Alicia PadrĂ³n said...

I just wrote a long comment and it somehow got deleted. Arrgh..!

Anyway, I was saying that agree with you. I think book size is not something people too often think about.

For very little ones there is nothing better than a little book. They can hold it very well, turn the pages on their own and carry it around and take it everywhere, including their mouths ;o)

Plus we have to remember that for them that book is not little at all. Is just the right size scale wise.

Now for older kids books can start getting bigger.

I also think that some books, regardless of the age group the are targeted, can support the story better if it's the right size. If I were to do a book about a tiny mouse that lived in a narrow crack on a little house the book will be so much better if it were tiny too.

Great post Gina!

mwyman said...

Our (almost) 4 year old loves his board books and really does not seem to favor a certain format (yet). He just loves books, any books.

The Richard Scarry Cars and Trucks book was one of his favorites when younger (he slept with it quite often from 2 - 2.5 yrs old) and he returns to this smaller board book even now. He has been more interested in the picture book formatted Richard Scarry books just recently (not necessarily the ones with picture/word labels, but rather the ones with a story line). He likes to hear about how those were favorites of mommy and daddy when they were his age.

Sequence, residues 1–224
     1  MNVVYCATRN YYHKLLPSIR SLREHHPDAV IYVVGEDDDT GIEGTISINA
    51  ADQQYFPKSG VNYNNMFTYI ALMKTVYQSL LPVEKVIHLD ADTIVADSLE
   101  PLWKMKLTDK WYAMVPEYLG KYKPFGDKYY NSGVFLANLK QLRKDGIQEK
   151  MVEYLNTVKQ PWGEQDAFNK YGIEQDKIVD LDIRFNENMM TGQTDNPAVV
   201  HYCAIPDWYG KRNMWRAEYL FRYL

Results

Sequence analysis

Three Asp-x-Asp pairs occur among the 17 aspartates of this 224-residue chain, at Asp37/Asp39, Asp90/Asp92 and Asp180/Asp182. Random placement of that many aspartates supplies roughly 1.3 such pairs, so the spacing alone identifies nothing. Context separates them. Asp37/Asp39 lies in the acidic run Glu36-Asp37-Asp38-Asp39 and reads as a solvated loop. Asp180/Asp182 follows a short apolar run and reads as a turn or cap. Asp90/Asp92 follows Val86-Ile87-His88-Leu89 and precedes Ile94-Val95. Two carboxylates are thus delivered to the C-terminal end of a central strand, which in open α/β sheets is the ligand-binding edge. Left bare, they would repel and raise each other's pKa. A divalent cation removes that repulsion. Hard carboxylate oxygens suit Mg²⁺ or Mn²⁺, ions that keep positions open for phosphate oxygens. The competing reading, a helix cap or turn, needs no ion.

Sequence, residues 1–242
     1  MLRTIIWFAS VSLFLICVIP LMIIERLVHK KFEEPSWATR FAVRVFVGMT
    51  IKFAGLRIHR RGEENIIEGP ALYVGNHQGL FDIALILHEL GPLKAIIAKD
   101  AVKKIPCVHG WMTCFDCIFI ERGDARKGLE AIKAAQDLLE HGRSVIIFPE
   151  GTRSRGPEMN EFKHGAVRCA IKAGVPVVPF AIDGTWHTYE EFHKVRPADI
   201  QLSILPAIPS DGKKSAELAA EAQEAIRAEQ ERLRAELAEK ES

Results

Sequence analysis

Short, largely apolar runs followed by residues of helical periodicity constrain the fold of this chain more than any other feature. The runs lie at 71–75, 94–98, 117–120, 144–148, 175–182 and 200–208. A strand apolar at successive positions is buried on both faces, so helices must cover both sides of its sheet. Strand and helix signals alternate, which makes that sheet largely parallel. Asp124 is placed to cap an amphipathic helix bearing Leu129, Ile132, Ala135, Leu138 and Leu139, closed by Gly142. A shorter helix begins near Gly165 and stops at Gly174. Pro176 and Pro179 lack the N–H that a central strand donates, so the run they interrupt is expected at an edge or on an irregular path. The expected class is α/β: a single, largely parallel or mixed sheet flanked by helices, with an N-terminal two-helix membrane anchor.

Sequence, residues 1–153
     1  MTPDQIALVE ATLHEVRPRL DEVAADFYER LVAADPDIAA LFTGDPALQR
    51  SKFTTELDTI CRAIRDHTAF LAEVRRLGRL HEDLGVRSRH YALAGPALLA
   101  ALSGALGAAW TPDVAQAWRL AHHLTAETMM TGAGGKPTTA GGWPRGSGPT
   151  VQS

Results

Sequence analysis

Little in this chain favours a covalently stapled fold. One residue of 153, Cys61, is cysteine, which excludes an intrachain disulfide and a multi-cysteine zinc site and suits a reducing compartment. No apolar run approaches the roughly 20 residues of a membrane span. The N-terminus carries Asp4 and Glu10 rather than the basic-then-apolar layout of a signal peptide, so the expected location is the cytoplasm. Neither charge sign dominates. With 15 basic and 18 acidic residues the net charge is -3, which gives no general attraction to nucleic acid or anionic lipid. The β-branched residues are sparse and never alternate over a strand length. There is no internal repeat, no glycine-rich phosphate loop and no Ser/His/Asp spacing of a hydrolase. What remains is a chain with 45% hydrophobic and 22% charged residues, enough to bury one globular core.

Even though it seems that he is moving towards favoring the picture book format he has recently been a bit obsessed with the Beatrix Potter books (smaller format, longer text, tough language).

Another favorite of ours was One Bear, One Dog by Paul Stickland - in a large board book format. It worked well for reading to the young one in between both mom and dad at bedtime. Plus, this book boasts a mirror at the end, so perhaps the bigger the better? The larger board book format worked well for us in that situation, but the kiddo also liked these larger formats solo around the age of 1.5. I'd agree that the size and weight is tough for them early on.

We're still working on helping the 8 mo. old not to ingest books (or anything else for that matter) so he is still loving the cloth books (which are so great early on). We all really have loved Roger Priddy's books like Fuzzy Bee and Friends and Fluffy Chick and Friends.

Ooh! How about the board books with holes (such as Color Zoo by Lois Ehlert) which works so much better for the under 3 crowd as far a durability goes instead of the picture book (easier to tear pages as tiny fingers poke through the cut-outs). Of course the texture books are great too - I know Gina has mentioned the Usborne series of That's not my... books. The 4 year old now likes that he can "read" those on his own.

It's a great topic to think about Gina...and always interesting to see what is new at the book store.

Gina Perry said...

Great comments from everyone - thank you! Funny that Beatrix Potter would come up a few times. I agree, Meg, the language (and content) is a little hard. But I do love their petite size - Miles tried to rip the pages last time we took them from the library, and they are quite long for him. I always love more titles to check out from the library! Since you mentioned it being a little bedtime companion, perhaps I will buy that little Scarry book for him. :)
I still wish I knew more about the oversize board book phenomenon...

Kathy Weller said...

I thuink it makes sense for kids of particular age group/sizes/focus ability to have the appropriate material! What an introspective and thoughtful post. Thanks for shedding light on this subject.